Starting a business with a close friend is much like having your best friend as a college roommate – while the prospect is initially exhilarating and it’s difficult to imagine downsides, it’s important to establish rules and lay the groundwork to maintain your friendship and, most importantly, the quality of your business.
Unsurprisingly, startups founded by friends often become unstable. While there is established trust, open communication, and a mutual fondness, the situation can easily turn sour whenever someone takes unfair advantage of the situation, pushes the other person’s buttons, or uses unsavory personal information as a weapon. Keeping this in mind, the following tips will help you get the most out of this prospective partnership.
1. Know What They Bring to the Table
First, answer the following: why this friend for this business? Do you share the same vision, values, habits, and goals? What necessity do they provide for the company besides just being good company? Fundamentally, they should supply something that you can’t. Perhaps their drive pushes you to work harder, or their intellect inspires you. Maybe they possess unique skills and expertise far beyond your abilities. Overall, your friend’s capabilities should complement the team in order to avoid staffing redundancy.
2. Establish Authority
Anyone that has supervised or worked closely with a friend in a professional context can tell you how difficult this is, especially as this working relationship evolves. Balancing a healthy, friendly rapport with the duties inherent to leadership or authoritative role can often make your personal and professional relationship with your friend strained. It becomes easy for your friend to cross the professional “line in the sand” and use your friendship as a bargaining chip. Because of this, you need to determine the boundaries. Firmly establish who is in charge in any given situation to avoid these power struggles.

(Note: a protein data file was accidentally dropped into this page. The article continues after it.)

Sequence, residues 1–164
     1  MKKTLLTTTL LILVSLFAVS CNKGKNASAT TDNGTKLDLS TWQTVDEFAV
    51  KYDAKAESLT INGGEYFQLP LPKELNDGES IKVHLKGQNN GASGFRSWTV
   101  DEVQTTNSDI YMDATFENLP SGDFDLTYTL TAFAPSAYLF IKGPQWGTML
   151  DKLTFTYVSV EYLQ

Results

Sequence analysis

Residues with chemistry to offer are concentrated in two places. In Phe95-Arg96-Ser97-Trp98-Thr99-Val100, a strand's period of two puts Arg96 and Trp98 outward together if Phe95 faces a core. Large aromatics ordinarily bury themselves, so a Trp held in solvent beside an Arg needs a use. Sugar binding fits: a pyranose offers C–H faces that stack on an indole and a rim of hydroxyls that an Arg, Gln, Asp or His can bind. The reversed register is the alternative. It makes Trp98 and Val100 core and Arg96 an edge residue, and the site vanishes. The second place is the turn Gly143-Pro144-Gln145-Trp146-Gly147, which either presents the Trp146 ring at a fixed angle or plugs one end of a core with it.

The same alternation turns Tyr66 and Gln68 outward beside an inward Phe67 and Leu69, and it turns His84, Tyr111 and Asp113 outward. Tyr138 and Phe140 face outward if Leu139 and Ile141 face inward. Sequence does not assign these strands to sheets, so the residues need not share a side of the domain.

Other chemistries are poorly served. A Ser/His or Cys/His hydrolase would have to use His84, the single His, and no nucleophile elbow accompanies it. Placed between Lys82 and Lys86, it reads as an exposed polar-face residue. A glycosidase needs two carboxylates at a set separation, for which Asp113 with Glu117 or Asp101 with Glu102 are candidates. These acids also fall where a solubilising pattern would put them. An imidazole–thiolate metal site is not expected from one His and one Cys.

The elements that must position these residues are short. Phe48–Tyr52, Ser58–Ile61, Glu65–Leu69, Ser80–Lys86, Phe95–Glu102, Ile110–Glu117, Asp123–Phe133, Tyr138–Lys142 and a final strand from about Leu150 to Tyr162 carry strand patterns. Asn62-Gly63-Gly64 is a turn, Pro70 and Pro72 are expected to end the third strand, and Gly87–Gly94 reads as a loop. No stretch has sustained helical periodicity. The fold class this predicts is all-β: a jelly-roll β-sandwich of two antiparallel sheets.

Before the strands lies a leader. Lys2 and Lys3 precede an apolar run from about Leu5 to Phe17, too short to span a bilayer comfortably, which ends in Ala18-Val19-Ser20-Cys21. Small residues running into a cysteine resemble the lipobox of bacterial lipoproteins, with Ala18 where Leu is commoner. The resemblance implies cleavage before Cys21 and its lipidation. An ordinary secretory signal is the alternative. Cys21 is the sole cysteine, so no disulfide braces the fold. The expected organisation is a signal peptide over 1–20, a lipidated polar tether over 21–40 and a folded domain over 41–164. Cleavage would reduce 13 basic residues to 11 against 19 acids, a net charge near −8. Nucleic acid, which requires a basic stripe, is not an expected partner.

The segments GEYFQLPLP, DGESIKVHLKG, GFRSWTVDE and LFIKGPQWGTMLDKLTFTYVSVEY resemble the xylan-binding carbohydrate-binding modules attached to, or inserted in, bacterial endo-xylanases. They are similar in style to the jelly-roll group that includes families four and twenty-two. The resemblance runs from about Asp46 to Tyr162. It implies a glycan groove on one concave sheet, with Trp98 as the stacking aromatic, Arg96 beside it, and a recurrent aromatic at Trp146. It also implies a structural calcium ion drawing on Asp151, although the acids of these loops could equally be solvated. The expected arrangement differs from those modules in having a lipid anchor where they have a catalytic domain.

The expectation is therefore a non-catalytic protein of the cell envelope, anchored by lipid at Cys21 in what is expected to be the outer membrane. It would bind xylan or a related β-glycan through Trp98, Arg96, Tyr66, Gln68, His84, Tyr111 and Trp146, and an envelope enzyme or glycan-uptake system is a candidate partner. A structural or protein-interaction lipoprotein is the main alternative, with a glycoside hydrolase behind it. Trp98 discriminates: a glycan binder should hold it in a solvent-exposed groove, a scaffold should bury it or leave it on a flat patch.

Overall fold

3. Craft a Contract
To solidify these limitations, establish the framework early on in your working relationship. Don’t avoid getting everything in writing when starting out. By strictly defining roles and agreeing on established terms through a founders’ agreement, every team member can own their role and know when they are overstepping their bounds. This includes having difficult conversations – be frank about the guidelines and responsibilities of each member, and your friend will hopefully respect your professionalism.
4. Bring In New Blood
It’s imperative that your team has fresh perspectives. Because of similar backgrounds and shared experiences, your friends oftentimes have the same line of thinking as you. If you’re seeking novel solutions to problems, it’s beneficial to invite contrarians and innovators outside of your bubble to both challenge your ideas and provide their own – but consider signing the employment contract and/or the option agreement. While the innate instability that comes from starting a business with a friend is daunting, it’s important to consider the following advice: Ignore the failure rate. Take the risk. Follow your passion. Just ensure that your foundation is strong in order to avoid your strengths as friends becoming your weaknesses as a business.
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